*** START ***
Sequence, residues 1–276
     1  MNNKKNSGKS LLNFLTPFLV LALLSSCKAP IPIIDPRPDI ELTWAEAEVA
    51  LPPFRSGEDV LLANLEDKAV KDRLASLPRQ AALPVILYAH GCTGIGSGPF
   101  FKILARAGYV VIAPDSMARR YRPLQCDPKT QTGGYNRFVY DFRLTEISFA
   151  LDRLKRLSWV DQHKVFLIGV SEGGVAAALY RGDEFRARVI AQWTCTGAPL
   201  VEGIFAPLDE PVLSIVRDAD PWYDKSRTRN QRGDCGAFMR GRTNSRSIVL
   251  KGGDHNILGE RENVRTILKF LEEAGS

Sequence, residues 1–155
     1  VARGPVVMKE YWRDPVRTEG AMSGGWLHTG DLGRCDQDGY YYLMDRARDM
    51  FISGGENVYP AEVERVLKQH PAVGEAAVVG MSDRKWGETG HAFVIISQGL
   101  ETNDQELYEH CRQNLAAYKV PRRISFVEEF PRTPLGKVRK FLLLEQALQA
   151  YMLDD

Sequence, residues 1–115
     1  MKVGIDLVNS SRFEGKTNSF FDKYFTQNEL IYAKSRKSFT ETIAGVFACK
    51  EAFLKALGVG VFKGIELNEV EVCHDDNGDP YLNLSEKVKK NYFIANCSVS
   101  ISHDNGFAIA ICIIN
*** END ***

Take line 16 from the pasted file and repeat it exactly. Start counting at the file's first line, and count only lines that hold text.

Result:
   101  ISHDNGFAIA ICIIN